What We Can Learn From Diabetic Mice

If you’ve got diabetes, you probably already know that diabetes can take a toll on your teeth and gums. There is a well-established connection between diabetes, tooth decay, and gum disease. Diabetes affects your body’s ability to process sugar, which results in high blood sugar levels. The higher your blood sugar level, the higher your risk of cavities, gingivitis, and periodontitis.

But a new study by University of Pennsylvania researchers may shed new light on exactly why this happens. The study, supported by the National Institute of Dental and Craniofacial Research, shows that unmanaged diabetes changes bacteria in the mouth so that microbes are more capable of causing disease. That means more inflammation of the gums and bone loss.*

Researchers hope these findings on the oral microbiome (all the microorganisms that are found on or in the human oral cavity) will help lead to better dental treatments for people with diabetes, and anyone with periodontitis. 

In the study of mice with high blood sugars, they found that the oral microbiome of the diabetic mice shifted, forming a less diverse and more disease-causing community of bacteria. The diabetic mice developed periodontitis, a loss of bone supporting teeth.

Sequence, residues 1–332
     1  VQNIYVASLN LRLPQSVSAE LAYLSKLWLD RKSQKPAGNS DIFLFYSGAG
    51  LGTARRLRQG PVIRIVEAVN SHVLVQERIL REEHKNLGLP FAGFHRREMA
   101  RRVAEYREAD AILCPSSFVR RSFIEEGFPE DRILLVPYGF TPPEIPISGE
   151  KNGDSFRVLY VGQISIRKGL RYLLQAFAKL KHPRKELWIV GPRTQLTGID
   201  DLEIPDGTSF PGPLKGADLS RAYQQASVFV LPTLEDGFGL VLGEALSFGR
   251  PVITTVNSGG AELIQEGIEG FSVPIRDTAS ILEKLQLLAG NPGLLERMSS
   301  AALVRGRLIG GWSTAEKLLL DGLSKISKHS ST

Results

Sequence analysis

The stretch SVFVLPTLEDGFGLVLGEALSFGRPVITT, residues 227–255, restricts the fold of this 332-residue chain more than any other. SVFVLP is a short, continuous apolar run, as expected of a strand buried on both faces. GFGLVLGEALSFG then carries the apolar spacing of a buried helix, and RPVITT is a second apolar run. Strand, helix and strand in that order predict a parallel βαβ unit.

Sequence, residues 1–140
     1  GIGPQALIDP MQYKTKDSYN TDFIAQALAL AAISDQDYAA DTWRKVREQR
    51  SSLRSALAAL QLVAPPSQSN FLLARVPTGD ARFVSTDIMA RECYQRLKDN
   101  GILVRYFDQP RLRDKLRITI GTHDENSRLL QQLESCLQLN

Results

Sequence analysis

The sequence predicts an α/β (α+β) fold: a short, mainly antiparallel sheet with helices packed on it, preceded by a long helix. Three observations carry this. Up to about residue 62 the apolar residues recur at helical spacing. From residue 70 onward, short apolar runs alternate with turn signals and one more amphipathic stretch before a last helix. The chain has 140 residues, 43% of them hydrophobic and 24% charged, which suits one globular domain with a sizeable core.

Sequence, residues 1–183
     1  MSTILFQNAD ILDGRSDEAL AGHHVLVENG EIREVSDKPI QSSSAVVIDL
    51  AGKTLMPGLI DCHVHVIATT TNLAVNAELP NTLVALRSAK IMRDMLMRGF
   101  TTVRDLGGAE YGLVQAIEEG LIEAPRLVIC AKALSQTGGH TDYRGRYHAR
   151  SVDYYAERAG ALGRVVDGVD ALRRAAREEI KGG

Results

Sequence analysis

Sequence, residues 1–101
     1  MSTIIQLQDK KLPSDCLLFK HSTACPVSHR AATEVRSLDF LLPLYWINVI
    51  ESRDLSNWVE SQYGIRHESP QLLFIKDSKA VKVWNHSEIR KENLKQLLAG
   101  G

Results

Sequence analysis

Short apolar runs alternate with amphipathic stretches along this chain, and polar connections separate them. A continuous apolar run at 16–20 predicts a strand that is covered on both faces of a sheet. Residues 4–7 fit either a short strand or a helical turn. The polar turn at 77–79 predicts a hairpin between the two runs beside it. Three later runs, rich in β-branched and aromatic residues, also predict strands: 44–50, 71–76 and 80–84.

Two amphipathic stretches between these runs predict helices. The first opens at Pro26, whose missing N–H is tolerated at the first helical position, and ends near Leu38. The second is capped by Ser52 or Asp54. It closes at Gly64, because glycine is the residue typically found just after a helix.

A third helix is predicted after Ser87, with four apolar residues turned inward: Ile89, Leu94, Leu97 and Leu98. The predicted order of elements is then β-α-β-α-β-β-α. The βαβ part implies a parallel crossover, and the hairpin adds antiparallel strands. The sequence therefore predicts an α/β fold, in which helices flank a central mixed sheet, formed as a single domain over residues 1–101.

To then test whether these microbial changes were responsible for the disease, they transferred the bacteria they found in the diabetic mice to normal, germfree mice.

They found that the transferred bacteria of the diabetic animal created more inflammation and more bone loss in the normal mouse.

The normal mice who received microbes from the diabetic mice showed significantly more bone loss, 42% more in fact, than mice who had received a microbial transfer from normal mice. The findings suggest that if you can control inflammation, you may reduce the susceptibility of diabetics to periodontal disease.

Another takeaway from the study is the importance of dedicated and rigorous oral hygiene and regular professional care for diabetic patients. 

“It’s very important that patients with diabetes and periodontal disease keep both their physicians and periodontists informed of changes in either condition,” says Terrence J. Griffin, president of the American Academy of Periodontology. “People with diabetes should consider a regular oral hygiene routine, which includes brushing twice a day, flossing regularly, and checking in with a periodontist at least once a year or if they notice changes in their gums or teeth.”*

If you or someone you love has diabetes, call to schedule a consultation with Dr. White or Dr. Blansett today.

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